Sabot at Stony Point continues to offer its students a highly structured and rigorous academic foundation in a dynamic learning environment. It continues to incorporate leading education research and best practice from around the world.
Sabot at Stony Point has always been a small school with big ideas and audacious goals. And now more than ever, these ideas and goals are growing.
The current generation of Sabot teachers, parents, and leaders has worked tirelessly and accomplished much. In the past six years, we’ve witnessed the creation of Sabot at Stony Point, the preschool’s move to this permanent home, the development of our curriculum and faculty, accreditation by the Virginia Association of Independent Schools (VAIS), construction of Founders Hall, and the launch of what will be an ongoing program of outreach and dissemination.
This year, our enrollment at Sabot is at a record high. So, too, is the enthusiasm of our teachers and our community. Our work now turns to securing and growing the school for our current students and for the next generation of Sabot children and families. But this will be possible only if we receive both continued and new support from generous donors. With proper funding, we can construct a new classroom building that is already designed. After we move the education program into permanent spaces, we will have the opportunity to restore the main house — the historic Larus mansion — and the Gillette Garden — one of the most significant walled gardens in Virginia — to their past state of grandeur.
Additional scholarship funds for our ongoing financial aid program will help us grow our enrollment and keep our school economically accessible.
Improved fields and playgrounds will enrich the extensive experience that our students enjoy outdoors.
Additional technological equipment and expertise are critical to our ability to document and communicate about teaching and learning at Sabot as well as to provide our students with additional tools for their research and representations.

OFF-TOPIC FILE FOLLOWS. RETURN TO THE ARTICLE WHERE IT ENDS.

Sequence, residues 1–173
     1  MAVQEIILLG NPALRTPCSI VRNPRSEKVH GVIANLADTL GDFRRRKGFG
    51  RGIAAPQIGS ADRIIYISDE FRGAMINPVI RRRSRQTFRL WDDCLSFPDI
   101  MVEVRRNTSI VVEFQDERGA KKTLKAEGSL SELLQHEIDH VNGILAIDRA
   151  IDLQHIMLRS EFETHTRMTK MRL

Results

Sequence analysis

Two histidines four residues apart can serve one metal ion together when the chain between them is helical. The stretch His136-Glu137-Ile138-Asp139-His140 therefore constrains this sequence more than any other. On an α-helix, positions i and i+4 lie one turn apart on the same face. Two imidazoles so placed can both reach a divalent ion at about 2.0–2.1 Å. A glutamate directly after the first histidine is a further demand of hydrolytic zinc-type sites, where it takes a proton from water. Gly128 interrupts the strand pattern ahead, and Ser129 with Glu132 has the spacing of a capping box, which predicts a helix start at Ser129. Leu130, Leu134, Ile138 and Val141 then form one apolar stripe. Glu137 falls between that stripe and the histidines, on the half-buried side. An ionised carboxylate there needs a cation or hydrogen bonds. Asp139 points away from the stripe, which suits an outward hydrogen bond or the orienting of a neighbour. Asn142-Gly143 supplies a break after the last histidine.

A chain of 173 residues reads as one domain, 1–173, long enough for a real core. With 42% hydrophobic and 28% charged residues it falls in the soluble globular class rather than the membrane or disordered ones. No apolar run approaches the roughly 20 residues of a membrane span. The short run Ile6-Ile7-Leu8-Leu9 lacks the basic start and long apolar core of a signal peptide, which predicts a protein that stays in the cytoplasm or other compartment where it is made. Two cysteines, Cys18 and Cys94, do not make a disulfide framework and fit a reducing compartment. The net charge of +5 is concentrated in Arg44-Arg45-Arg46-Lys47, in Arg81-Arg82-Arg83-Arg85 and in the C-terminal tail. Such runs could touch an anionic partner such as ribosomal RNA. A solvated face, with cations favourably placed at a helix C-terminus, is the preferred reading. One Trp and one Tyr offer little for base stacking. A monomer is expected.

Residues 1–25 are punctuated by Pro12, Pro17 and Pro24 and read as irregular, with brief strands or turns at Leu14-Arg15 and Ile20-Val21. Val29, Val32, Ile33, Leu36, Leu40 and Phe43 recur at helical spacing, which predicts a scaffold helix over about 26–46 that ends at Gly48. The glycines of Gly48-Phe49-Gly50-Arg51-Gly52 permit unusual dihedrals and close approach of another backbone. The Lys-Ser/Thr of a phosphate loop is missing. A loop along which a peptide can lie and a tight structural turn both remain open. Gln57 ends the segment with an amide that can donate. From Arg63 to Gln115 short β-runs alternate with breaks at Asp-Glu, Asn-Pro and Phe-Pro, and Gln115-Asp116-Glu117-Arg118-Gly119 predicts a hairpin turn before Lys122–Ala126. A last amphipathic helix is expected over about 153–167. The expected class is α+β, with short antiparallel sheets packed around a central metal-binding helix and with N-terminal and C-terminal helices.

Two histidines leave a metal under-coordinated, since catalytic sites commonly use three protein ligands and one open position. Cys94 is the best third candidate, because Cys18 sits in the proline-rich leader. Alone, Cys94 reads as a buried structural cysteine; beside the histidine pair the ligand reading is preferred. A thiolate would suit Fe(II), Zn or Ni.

I ask you to stay tuned and stay involved, as our story continues. With your help, a new generation of children can find the world of ideas waiting for them at Sabot at Stony Point.
Irene Carney brings over 30 years of experience in education to her role as Sabot at Stony Point’s Executive Director. That experience has included: extensive study of child development and learning theory, most recently as adjunct faculty in VCU’s School of Education 2005-2006; research and writing on the critical relationships between parents and educators (pursued through her dissertation and research faculty focus at the University of Virginia, 1981-1986); and participation in organizational development and independent school governance. She has served on the Board of Trustees of Richmond Montessori School, 1996-1999, and on the Board of Directors of Orchard House School 1998-2000. She was a Founding Member of the Orchard House School and assisted with the formation of Seven Hills School for Boys.
Dr. Carney received a B.A. in Humanities from Albertus Magnus College (New Haven, Connecticut). She also holds an M.A. in Special Education from the University of Illinois (1977) and her Ph.D. is in Special Education and Developmental Psychology from the University of Virginia (1986).
Prior to the merger of Sabot and Stony Point Schools, Dr. Carney served as Sabot School’s Director for 14 years, and as Consulting Head of School at Stony Point School for the 2006-2007 academic year. In 2003, she received the Outstanding Woman Award in the field of Education from the Richmond YWCA.